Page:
How time flies when you’re having fun.
Has it really been a year?
Yes, on April 10, 2017, Neil Gorsuch was sworn in as Associate Justice of the U.S. Supreme Court. Remember, Gorsuch only was nominated for the Scalia seat because Merrick Garland, Obama’s nominee, was not given a Senate hearing much less vote (it’s highly unlikely he would have been confirmed by the Republican Senate even if given a vote).
Mitch McConnell recently commented that stymying the Garland nomination was the “most consequential” decision of his career.
Let’s take a stroll down memory lane.
We were there for the nomination:
And the fury and thunder of Democrats and the media:
I observed at the time, Gorsuch nomination creates “community within our nation, chaos in theirs”:
The nomination of Neil Gorsuch is a perfect example of “community within our nation, chaos in theirs”.
This was a home run for conservatives. Even many Never Trumpers are praising it. It’s a thing of beauty, and the rollout was Yuge.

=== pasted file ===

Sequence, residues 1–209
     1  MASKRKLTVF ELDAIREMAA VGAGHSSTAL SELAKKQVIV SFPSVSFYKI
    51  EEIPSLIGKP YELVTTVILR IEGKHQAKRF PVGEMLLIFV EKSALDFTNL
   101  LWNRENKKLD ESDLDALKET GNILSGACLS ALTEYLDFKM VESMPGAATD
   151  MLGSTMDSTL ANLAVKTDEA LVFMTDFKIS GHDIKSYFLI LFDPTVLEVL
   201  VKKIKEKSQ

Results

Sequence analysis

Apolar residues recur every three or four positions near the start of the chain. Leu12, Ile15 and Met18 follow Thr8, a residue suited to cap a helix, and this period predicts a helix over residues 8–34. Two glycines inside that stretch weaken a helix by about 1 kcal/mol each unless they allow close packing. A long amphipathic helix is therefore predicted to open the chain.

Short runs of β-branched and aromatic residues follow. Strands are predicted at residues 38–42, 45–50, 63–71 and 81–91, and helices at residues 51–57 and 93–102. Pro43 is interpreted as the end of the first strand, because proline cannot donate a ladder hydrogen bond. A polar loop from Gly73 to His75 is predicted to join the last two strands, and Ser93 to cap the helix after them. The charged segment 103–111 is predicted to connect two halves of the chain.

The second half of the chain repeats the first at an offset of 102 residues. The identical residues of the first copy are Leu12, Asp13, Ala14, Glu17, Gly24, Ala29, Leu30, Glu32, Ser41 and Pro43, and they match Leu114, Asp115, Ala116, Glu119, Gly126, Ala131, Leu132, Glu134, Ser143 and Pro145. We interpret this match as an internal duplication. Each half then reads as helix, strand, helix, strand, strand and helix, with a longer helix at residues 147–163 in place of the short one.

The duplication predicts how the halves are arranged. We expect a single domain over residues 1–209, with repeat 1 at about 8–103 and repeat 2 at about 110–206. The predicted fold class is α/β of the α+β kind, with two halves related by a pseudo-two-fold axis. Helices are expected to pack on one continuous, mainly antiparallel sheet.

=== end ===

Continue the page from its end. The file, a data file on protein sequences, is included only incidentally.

But it has created chaos in Trump’s opponents. There have been many high profile liberal lawyers and commenters who have praised the selection, even if they are still bitter over the Republican refusal to give Merrick Garland a vote during Obama’s last year. While many leading Democratic politicians have open the floodgates of verbal hell on Gorsuch, it’s going to be a hard sell to the public. And it risks a real schism in the Democratic Party — the base is out for blood, the more mature political class recognizes that catering to the base on Gorsuch could backfire by pushing the party too far left….
…. I appeared on The Steve Malzberg Show on Newsmax TV:
It’s a homerun at multiple levels … He should be Scalia 2.0, which is the terminology a lot of the leftist critiques are using …. Politically it’s an even more brilliant move, because the Democrats are absolutely itching for a fight on this first nomination, and Donald Trump picked somebody who has impeccable credentials, who is getting praise even from liberal law professors. This is the fight Democrats want, but I’m not sure it’s really the fight they need …. So at multiple levels this was a brilliant choice.
We covered his confirmation hearings:
- RECAP: Day 1, Neil Gorsuch SCOTUS Confirmation Hearings